Singapore’s man-made ‘Supertrees’ flourish amongst city’s concrete jungle
The eye is drawn to them immediately: 18 “Supertrees”, ranging in height from 25 to 50 metres, springing out of the earth like giant-sized toadstools.
Inspired by the Karri trees in Western Australia, these man-made structures — made out of a concrete and steel— provide a base for tropical climbing flowers as well as orchids and ferns.
The trees – that also light up at night and come alive with projected media, combining the worlds of botany and engineering — are part of a unique park project in Singapore opening on June 29.
[The supertrees] not only serve as a space for vertical gardens but also are embedded with sustainable energy and water technologies integral to the cooling of the two conservatories — the Flower Dome and the Cloud Forest Dome — and an energy centre. An aerial walkway is suspended from the “Supertrees” offering visitors a view of the entire garden.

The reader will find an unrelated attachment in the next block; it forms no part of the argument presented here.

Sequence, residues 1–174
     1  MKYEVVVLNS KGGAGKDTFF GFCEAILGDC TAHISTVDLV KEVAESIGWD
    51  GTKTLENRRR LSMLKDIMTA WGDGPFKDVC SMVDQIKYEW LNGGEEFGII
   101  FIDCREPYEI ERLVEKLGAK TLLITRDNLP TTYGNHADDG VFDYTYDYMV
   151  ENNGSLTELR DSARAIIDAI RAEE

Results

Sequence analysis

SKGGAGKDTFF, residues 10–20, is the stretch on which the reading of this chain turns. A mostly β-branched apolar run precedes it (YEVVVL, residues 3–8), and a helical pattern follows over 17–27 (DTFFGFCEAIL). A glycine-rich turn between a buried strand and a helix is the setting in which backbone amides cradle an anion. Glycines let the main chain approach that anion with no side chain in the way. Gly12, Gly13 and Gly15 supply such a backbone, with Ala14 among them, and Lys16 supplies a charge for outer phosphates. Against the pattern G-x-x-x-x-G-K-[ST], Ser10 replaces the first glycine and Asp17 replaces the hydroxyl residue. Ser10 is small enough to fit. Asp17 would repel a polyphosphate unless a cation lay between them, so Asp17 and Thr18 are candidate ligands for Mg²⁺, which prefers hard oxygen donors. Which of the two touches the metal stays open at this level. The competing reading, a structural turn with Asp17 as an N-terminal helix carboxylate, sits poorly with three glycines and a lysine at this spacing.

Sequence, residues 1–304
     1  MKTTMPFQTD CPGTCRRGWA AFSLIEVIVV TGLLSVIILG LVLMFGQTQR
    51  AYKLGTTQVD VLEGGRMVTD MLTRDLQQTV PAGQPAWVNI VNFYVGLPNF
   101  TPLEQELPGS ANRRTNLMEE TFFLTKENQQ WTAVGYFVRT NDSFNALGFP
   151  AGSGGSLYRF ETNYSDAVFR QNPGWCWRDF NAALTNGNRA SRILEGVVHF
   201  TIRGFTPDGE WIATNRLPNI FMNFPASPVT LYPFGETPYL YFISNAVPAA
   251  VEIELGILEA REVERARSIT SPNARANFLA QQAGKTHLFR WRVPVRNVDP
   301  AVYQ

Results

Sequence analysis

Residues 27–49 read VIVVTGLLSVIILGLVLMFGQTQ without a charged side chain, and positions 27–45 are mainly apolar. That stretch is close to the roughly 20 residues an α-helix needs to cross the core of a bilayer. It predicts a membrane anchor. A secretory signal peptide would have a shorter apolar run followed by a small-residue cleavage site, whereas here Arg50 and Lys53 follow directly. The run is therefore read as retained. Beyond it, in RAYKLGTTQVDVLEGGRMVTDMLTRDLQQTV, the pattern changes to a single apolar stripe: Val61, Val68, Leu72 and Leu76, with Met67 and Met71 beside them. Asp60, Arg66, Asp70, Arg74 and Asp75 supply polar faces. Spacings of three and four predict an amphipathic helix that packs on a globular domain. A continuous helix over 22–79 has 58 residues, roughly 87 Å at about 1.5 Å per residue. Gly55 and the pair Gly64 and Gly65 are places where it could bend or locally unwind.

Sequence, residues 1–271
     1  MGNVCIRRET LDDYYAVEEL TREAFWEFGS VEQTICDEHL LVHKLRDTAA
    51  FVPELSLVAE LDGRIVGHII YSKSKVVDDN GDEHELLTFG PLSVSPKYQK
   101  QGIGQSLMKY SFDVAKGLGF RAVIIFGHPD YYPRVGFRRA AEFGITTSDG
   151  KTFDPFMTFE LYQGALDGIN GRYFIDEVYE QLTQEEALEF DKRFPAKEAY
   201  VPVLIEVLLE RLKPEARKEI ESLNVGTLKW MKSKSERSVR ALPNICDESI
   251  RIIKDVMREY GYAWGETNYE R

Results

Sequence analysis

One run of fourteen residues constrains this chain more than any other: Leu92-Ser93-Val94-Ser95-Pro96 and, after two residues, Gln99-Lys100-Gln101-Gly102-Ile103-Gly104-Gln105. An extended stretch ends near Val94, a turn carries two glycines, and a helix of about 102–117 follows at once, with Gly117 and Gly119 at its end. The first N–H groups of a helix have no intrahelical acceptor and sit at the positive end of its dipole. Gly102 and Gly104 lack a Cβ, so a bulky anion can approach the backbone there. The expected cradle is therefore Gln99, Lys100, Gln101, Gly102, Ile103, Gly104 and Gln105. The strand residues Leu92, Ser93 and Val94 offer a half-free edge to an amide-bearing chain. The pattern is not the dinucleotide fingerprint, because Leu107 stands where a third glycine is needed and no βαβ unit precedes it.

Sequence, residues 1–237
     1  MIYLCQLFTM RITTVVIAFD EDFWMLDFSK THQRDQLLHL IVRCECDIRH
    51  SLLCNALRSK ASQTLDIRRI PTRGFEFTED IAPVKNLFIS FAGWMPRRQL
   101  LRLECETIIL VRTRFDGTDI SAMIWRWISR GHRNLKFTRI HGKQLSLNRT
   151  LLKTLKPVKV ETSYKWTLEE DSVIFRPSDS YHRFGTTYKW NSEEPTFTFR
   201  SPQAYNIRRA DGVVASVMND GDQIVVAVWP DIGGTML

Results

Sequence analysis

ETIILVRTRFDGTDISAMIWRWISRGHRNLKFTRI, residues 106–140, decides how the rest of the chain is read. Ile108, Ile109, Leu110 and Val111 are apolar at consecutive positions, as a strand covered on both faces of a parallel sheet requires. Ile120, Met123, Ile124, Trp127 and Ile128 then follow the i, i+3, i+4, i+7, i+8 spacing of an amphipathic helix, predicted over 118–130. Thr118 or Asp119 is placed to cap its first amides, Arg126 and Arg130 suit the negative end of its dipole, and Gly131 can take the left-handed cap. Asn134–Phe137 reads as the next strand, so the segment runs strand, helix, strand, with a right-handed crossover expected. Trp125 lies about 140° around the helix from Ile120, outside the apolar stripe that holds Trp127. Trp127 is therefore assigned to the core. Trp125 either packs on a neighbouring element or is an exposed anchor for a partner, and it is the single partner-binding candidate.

Read the full article at: thestar.com
"Designed to evoke the elegance of dominant trees found in nature, the Supertrees are no doubt one of the key features of the Bay South garden. Standing at 25m to 50m (nine to 16 storeys) tall, the large canopies of the Supertrees will provide shade and shelter for visitors.
At night, these structures will come alive with lights and projected visuals. More than just a pretty sight, these towering creations aren’t merely decorative. They will also power the conservatories, while serving as energy centers that house solar hot water heaters, solar panels, venting ducts, and rainwater harvesting systems."